“Ladies and gentlemen, we got him."
Those six words signalled the end of one of the most intense manhunts in history – Iraqi dictator Saddam Hussein had been caught.
The tyrant had spent nine months on the run and evading US forces, but now his time was up.
As he crawled out of the ‘spider hole’ looking disheveled and unrecognisable with a salt and pepper beard, he shouted at the soldiers who found him: "don’t shoot, don’t shoot."
“I am Saddam Hussein," he added. "I am the president of Iraq, and I am willing to negotiate.”
To which one of them replied: “President Bush sends regards.”
This week marks 15 years since the extraordinary operation – named Red Dawn – came to jubilant end.
Forces had been tipped off that the despot was somewhere near his birth place of Tikrit in Iraq.
This information led them to a farm. It was while searching the area that a solider lifted up a blanket to reveal a small hole.
Inside the six-eight foot deep concrete bunker and armed with a pistol, Saddam was hiding.
It was just big enough to for a person to lie down and a pipe had been installed to let air inside so he didn’t suffocate.
For decades he had ruled Iraq and inflicted brutality and bloodbaths but in April 2003 he refused to be overthrown and vanished.
“Saddam gone! Saddam gone!” was chanted throughout the country before his statue came crashing down.
A US armoured recovery vehicle smashed the marble staircase leading to Saddam’s statue – a tribute on his 65th birthday – in the capital’s Firdoz Ali-Baba Square.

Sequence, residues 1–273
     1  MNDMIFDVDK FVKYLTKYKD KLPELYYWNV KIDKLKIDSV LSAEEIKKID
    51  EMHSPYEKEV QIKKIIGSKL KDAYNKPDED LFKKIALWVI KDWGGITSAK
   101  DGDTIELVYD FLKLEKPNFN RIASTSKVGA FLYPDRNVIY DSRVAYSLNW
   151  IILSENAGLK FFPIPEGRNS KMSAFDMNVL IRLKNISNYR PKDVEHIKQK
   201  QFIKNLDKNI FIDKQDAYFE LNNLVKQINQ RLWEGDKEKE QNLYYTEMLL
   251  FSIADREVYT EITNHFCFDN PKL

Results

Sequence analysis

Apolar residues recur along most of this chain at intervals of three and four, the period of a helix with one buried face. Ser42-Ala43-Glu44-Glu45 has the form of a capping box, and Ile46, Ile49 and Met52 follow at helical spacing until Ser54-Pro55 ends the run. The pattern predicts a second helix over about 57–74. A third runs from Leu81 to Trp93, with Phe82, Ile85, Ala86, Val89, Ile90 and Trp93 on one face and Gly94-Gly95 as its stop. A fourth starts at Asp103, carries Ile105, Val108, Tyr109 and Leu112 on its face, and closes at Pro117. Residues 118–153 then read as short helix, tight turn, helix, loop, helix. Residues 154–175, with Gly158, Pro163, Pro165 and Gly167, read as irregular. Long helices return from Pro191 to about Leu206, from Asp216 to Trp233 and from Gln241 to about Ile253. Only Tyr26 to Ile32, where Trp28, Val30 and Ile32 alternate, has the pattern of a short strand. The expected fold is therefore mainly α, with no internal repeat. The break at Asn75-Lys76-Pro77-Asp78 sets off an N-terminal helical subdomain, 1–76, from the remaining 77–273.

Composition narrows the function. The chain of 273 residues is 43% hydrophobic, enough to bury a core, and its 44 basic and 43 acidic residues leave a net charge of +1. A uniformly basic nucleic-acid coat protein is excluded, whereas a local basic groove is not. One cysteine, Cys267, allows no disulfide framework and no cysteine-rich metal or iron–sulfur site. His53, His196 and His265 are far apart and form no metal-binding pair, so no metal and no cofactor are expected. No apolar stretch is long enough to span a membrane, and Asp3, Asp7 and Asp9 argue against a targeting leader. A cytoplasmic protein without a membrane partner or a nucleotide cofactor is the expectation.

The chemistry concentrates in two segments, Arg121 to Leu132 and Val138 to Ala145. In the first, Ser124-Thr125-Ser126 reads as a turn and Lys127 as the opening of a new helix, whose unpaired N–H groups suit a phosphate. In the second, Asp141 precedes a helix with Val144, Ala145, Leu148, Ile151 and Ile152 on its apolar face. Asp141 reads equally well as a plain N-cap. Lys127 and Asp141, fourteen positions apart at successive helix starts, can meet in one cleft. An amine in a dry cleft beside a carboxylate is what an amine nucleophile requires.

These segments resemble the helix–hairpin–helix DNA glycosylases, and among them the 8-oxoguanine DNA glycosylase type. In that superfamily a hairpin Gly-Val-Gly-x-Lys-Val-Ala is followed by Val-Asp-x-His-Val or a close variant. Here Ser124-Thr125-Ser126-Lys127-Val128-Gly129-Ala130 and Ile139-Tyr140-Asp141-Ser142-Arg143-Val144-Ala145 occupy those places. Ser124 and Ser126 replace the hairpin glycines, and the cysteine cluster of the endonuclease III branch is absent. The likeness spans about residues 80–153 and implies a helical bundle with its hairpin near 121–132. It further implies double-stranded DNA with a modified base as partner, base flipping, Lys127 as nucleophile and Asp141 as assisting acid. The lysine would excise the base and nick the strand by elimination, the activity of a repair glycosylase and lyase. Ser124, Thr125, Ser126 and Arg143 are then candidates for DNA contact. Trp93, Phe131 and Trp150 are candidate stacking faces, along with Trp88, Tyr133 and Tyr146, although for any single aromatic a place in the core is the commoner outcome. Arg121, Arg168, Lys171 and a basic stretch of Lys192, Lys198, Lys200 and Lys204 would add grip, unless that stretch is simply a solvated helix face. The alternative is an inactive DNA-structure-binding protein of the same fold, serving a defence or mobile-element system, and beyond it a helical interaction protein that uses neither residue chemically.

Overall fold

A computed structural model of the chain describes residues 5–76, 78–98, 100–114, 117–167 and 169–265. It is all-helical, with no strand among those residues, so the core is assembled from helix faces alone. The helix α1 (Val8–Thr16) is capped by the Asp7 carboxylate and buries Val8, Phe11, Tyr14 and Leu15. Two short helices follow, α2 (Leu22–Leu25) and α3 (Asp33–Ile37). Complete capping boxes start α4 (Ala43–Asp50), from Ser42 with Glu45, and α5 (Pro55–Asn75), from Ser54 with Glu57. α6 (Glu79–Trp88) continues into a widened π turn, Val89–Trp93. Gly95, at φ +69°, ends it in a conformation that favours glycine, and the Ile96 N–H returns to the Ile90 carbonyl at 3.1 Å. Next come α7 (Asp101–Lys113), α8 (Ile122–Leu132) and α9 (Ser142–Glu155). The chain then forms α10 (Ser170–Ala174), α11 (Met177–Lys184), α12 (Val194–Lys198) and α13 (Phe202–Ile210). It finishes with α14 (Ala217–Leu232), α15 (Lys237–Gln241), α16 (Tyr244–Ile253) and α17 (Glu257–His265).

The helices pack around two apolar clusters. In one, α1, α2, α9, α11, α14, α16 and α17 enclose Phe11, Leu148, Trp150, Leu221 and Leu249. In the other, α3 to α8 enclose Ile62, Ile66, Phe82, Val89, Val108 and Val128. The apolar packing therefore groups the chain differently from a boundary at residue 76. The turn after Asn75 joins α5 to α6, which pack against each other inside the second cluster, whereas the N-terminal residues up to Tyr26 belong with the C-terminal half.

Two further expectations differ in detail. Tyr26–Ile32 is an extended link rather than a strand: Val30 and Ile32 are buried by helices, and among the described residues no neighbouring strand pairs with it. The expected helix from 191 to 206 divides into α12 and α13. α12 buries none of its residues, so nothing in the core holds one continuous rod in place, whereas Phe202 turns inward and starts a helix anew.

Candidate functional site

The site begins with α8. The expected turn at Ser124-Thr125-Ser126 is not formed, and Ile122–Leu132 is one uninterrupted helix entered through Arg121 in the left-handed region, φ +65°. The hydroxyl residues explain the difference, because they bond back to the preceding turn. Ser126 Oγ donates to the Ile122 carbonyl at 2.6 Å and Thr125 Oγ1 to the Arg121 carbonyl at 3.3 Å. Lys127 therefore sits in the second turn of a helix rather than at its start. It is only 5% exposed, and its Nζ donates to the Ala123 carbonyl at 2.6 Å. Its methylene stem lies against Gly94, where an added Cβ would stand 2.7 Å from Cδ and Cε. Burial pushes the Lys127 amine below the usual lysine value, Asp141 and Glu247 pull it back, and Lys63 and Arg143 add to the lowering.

A soldier then clambered atop the machine’s giant jib and attached a chain to Saddam’s throat before smothering the face in the Stars and Stripes.
He would go on to replace it with an Iraqi flag, winding it round the dictator’s throat like a cravat, before the statue was pulled down to huge cheers.
Locals then began smashing at the concrete head and dragged it down the street.
During his reign, Hussein expelled 40,000 Shi’ite Muslims and ordered the execution of Ayatollah Mohammed al-Bakr Sadr, an ally of Ayatollah Khomeini.
Iraq also launched an air attack against Iran and the war ended in a stalemate in 1988, with approximately one million deaths.
He also ordered the destruction of Dujail, a village in northern Iraq, leading to the deaths of more than 140 people.
In the same year, more than 5,000 people are killed when he ordered a poison gas attack on Kurds in Halabja in northern Iraq.
In November 2006, an Iraqi court found Saddam guilty of crimes against humanity and sentenced him to death by hanging.
He was hanged in Baghdad on December 30, 2006 aged 69.
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